The past two Super Bowl winners have a lot of things in common: a solid (but not at-all-times dominating) defense, talented skill position players on offense, an offensive line that played better in the playoffs than they did in the regular season, and a late-season hot streak. The Bears seemingly have all those same components, except for a late season hot streak. With Marc Trestman in charge, hopefully the offensive line and the team in general can play hot when the weather turns cold, and give the Bears a chance to follow in the footsteps of the Giants and Ravens.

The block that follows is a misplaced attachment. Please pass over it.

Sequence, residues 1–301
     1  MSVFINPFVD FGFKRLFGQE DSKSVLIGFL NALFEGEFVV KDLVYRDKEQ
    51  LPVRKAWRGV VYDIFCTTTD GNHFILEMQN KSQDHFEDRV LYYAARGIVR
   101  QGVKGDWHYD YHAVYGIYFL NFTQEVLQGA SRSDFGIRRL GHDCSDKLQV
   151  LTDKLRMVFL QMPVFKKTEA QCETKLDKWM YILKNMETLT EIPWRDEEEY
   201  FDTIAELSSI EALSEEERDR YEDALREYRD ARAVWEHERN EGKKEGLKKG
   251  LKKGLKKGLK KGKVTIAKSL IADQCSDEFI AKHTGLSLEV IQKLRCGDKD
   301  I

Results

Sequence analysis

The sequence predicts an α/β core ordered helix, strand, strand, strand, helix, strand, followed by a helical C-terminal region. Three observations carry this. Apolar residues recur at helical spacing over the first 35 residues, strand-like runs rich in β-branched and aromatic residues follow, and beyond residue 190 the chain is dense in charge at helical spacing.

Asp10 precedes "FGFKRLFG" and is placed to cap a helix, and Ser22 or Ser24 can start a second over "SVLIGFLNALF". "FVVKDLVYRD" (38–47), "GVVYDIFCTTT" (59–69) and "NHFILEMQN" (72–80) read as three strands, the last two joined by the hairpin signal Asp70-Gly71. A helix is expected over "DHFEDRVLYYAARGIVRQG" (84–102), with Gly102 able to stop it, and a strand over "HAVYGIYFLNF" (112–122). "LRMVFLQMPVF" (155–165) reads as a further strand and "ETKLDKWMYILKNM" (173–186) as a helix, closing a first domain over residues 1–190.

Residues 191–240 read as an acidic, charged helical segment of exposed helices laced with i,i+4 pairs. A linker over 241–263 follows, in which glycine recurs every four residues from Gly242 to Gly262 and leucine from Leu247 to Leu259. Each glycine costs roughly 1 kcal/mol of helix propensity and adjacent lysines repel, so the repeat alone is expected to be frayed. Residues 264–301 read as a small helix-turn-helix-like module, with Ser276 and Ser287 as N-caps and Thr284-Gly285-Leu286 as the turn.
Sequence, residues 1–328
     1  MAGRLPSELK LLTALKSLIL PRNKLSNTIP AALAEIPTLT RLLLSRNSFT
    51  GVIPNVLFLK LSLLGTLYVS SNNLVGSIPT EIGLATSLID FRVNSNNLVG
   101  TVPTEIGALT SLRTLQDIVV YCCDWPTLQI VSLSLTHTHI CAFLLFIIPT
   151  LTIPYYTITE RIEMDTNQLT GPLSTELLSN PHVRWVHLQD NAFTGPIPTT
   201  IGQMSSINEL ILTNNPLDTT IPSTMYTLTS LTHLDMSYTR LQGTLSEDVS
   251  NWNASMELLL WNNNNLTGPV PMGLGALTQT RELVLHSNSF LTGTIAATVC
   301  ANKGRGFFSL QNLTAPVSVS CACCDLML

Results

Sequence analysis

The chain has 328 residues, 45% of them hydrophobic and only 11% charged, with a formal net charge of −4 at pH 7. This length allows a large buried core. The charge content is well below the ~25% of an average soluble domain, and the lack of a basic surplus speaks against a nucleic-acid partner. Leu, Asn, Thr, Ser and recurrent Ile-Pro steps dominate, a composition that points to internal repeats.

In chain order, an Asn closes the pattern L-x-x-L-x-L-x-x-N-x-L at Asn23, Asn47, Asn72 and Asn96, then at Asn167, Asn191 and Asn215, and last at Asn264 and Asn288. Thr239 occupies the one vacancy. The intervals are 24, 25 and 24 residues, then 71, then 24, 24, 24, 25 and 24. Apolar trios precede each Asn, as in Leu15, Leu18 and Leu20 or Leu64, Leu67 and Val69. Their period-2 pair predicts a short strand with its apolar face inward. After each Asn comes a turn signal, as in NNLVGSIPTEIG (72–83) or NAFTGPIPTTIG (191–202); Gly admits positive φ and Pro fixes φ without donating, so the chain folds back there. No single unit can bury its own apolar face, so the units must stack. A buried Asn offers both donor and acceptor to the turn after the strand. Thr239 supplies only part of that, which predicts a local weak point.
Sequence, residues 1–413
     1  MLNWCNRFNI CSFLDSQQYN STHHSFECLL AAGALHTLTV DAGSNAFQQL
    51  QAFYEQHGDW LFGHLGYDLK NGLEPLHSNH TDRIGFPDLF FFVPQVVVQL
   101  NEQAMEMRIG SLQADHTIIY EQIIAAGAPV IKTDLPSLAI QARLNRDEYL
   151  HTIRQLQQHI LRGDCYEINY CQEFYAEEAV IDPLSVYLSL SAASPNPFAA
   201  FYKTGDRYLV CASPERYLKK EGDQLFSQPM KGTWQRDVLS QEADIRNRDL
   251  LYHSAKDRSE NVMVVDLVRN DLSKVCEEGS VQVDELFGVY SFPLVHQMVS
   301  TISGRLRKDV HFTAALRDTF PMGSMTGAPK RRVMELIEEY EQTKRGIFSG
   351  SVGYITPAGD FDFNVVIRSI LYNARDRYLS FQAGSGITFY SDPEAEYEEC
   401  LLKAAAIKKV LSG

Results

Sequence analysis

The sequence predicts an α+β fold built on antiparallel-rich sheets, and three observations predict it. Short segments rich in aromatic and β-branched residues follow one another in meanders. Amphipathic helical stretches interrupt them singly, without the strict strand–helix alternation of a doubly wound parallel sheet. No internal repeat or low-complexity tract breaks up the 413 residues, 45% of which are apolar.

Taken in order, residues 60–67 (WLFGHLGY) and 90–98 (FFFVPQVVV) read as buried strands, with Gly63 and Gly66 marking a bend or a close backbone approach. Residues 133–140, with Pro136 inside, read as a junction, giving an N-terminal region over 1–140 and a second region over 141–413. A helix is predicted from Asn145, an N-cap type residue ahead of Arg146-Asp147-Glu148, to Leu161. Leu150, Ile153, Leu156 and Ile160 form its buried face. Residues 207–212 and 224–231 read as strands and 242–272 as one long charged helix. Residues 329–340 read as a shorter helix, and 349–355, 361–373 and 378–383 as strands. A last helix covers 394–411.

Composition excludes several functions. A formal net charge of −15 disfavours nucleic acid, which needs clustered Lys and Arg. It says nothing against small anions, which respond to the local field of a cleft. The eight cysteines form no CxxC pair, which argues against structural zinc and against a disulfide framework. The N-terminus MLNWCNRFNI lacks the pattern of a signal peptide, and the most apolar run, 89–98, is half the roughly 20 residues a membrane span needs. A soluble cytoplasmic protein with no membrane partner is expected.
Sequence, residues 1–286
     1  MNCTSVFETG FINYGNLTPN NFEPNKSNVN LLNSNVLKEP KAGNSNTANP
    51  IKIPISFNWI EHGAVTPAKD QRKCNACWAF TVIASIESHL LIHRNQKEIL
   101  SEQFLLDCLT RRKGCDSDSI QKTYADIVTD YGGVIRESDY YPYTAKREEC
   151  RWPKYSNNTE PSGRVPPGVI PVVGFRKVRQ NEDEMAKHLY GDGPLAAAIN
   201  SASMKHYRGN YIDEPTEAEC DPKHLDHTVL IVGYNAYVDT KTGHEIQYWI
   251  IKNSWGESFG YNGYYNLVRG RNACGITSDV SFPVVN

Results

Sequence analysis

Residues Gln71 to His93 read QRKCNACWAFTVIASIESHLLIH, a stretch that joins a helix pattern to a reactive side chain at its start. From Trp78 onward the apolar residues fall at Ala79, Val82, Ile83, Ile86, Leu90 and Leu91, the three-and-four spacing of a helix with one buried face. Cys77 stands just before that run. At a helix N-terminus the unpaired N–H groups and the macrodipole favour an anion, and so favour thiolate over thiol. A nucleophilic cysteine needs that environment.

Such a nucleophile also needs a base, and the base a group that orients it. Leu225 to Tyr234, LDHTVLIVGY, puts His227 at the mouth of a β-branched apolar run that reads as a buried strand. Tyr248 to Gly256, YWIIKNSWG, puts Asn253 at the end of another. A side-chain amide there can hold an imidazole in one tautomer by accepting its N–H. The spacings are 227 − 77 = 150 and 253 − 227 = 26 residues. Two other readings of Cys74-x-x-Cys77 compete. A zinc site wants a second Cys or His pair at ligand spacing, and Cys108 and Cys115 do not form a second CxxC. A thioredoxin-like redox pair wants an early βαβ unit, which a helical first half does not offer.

The Giants and Ravens both have one other thing in common: quarterbacks that announced themselves as "elite" before they actually played that way. Before the 2011 season, Eli Manning said that he was in the same class as Tom Brady, Drew Brees, and his big bro, Peyton Manning. Everyone scoffed, despite Manning's 2007 Super Bowl victory against the Patriots. Seven years into his professional career, Manning had one season (2009) with a quarterback rating above 86, and was coming off a 2010 season where he had 25 interceptions. In 2011, Manning had one of his best seasons with a 92.9 rating, 29 touchdowns and 16 interceptions, and a 8.4 yards per attempt average. His postseason was even better, throwing nine touchdowns and only one interception over four games and had a rating of over a hundred in three of those games.